This means death to the irradiated part of the bone. Radiotherapy causes temporary or permanent loss of blood supply to the bone especially to the affected areas. It is a severe bone disease and affects mainly the lower jaw. The disease destroys part of the bone and bone cell therefore unable to produce new bone over the irradiated region. This maybe spontaneous or due to denture-induced trauma leading to soft tissue loss and bone necrosis. It may also occur following a tooth extraction. The necrotic bone may become secondarily infected. This destruction of bone will have to be treated through surgery. Therefore, dental extraction and gum problems must be treated prior to radiotherapy. Osteoradionecrosis is a serious complication for patients requiring tooth extraction after radiotherapy.
Radiation caries (tooth decay)
Teeth that are in the line of irradiation will become more sensitive and be more susceptible to decay. More over, the ulcers in the mouth make regular tooth brushing difficult. The reduced saliva flow also contribute to tooth decay. This normally occurs along the gum margin, affecting the neck of the teeth. Over time, if untreated, the crown of the tooth may break off, leaving a root stump.
To lessen the effect of tooth decay, the patient need to practise gentle oral hygiene with soft bristled toothbrush and fluoridated toothpaste. Mouth gargling with a chlorhexidine mouthwash should also be practised together with tooth brushing. Regular visits to the dentist for application of fluoridated varnish/gel is also advised.
What to do before radiotherapy?
Prior to radiotherapy it is mandatory for the patient to be referred to a dental clinic. Patients will be educated on the management of oral health problems and complications of surgery/ radiotherapy . Proper oral hygiene care and regular checkup is mandatory. The dentist will undertake :-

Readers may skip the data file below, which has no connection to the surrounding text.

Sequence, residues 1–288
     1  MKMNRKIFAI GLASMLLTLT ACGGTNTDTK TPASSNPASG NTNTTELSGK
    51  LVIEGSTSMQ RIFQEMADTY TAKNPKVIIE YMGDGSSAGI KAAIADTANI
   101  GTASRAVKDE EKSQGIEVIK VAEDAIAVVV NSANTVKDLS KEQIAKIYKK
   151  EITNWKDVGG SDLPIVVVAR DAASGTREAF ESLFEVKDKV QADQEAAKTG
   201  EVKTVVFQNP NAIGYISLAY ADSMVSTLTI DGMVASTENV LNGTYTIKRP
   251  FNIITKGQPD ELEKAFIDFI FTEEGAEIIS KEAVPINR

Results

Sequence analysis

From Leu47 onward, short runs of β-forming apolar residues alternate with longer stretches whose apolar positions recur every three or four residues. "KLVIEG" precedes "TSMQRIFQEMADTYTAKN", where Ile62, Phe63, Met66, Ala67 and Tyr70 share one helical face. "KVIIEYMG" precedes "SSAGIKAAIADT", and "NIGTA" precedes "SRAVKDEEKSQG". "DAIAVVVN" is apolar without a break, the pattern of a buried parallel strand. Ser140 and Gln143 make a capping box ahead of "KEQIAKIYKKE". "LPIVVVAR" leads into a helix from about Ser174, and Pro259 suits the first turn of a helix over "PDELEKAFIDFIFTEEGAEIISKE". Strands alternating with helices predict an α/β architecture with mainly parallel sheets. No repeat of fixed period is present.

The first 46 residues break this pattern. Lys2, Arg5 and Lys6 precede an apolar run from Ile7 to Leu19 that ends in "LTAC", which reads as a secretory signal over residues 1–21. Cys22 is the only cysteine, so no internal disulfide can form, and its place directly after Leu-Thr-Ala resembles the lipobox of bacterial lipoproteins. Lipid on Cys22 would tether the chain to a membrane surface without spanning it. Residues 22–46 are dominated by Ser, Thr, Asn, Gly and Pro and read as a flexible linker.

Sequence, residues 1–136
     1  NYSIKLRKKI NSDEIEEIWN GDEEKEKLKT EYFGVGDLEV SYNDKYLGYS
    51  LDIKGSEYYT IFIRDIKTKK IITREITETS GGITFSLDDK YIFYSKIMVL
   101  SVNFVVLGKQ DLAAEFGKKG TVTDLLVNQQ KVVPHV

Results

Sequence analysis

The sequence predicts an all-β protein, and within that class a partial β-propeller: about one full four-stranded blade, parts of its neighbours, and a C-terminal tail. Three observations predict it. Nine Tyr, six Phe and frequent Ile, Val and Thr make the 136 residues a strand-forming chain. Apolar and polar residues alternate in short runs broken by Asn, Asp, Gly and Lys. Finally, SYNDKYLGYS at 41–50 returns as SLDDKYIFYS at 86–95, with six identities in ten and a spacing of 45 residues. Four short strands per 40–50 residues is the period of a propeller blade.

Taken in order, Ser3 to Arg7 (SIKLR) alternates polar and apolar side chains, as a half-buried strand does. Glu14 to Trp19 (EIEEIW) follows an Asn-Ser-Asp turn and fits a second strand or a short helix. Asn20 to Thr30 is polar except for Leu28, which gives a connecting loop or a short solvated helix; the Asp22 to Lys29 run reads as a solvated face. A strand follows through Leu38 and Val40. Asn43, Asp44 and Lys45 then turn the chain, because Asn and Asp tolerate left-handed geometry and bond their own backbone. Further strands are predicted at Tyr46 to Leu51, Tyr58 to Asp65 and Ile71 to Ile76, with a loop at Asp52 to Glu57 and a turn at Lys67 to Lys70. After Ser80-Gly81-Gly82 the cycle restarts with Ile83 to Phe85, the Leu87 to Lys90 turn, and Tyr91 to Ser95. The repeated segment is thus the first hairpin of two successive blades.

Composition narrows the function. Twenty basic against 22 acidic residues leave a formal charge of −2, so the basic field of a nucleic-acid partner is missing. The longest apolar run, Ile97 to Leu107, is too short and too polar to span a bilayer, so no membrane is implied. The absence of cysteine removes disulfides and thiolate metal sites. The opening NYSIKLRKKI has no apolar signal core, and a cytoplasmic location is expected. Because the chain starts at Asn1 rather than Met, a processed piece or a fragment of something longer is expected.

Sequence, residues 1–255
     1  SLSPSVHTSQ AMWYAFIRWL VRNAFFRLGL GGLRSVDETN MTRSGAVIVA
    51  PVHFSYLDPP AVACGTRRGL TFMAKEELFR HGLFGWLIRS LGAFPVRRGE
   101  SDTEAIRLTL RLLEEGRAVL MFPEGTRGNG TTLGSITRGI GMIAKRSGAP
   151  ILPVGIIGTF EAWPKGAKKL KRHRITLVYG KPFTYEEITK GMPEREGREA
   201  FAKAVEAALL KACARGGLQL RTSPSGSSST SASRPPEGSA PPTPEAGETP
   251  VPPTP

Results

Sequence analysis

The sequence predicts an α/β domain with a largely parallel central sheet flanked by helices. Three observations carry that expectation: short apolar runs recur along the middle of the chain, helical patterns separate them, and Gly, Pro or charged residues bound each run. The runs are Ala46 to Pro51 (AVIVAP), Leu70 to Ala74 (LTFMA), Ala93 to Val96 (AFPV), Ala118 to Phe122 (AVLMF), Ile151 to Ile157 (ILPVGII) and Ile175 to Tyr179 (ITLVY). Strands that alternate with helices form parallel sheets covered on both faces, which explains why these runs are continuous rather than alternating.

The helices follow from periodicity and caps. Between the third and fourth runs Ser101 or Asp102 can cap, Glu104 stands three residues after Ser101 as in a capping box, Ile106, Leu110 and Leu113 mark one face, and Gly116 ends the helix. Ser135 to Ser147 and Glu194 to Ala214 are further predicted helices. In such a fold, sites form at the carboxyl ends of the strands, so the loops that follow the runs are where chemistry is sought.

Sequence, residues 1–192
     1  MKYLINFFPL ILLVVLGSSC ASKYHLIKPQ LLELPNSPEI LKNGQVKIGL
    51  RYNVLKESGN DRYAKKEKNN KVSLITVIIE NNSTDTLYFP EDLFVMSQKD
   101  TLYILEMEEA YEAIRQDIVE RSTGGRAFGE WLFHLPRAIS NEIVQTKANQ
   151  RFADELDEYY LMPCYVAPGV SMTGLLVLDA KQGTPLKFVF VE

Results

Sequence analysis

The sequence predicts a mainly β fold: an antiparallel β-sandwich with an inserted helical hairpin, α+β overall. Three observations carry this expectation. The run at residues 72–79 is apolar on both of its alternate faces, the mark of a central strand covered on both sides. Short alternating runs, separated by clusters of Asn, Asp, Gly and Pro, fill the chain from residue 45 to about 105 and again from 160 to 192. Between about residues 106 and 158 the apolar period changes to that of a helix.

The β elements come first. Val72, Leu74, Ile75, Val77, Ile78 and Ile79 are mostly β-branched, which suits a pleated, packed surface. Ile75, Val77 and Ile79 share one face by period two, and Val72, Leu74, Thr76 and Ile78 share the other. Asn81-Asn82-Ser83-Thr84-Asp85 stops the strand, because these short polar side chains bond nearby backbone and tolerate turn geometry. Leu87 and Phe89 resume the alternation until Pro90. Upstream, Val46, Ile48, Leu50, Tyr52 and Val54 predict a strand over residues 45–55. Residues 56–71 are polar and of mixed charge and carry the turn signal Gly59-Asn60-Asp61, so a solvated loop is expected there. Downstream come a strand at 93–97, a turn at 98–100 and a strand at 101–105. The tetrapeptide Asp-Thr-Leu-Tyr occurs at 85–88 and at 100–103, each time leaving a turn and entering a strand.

- Assessment of prognosis of existing restorations (fillings).
- Assessment of gum status.
- Extraction of teeth with poor prognosis (at least 4 weeks prior to radiotherapy).
- Replacing ill fitting dentures.
- Oral hygiene instructions.
What to do after radiotherapy?
- Oral hygiene instructions- use of soft bristle toothbrush or gauze soaked in salt water to clean the teeth especially after radiotherapy. A fluoride toothpaste is used and commonly prescribed is a fluoridated tooth varnish.
- Dietary advice with less sugar intake.
- Smoking and alcohol consumption should be avoided.
- Frequent consumption of small amounts of water to keep oral passage moist.
- Saliva substitute and chewing gum (for patients without dentures) if saliva flow is reduced.
- Regular dental follow-up and application of fluoride.
What to do if your mouth is dry?
Dry mouth is when the salivary glands in the mouth is unable to produce enough saliva. Ways to manage dry mouth:-
- Sip water throughout the day. This helps moisten the mouth which helps in swallowing. Many patients carry along with them a bottle of water.
- Have citrus based drinks (e.g. lemonade, orange juice) as these help make more saliva.
- Chewing sugar free gum help make saliva and moisten the mouth.
- Eat food that are easy to swallow (e.g. porridge, pureed cooked food or soup).
- Avoid smoking or alcohol consumption as these make the mouth drier.
- Avoid foods that are spicy, salty, sour, hard or crunchy.
- Keep lip moist with lip balm.
- Rinse mouth every 1- 2 hours (mix 1/4 teaspoon of baking soda and 1/8 teaspoon salt in a glass of water).
- Meurman JK, Scully C (2011). Other risk factors. Dental Update, 38(1), 66-68
- Waal IVD, Scully C (2011). Potentially malignant disorder of oral and oropharyngeal mucosa. Dental Update, 38(2), 138-140
- Nutting CM, Scully C (2011). Radiotherapy and chemotherapy. Dental Update, 38(10), 717-719
- Langdon JD, Henk JM (1995). Tumours of the mouth, jaws and salivary glands. Edward Arnold
|Last Reviewed||:||20 March 2015|
|Writer||:||Dr. Sathiadeva a/l Sathiavan|
|Accreditor||:||Dr. Yuen Kar Mun|
|Reviewer||:||Dr. Mukhriz bin Hamdan|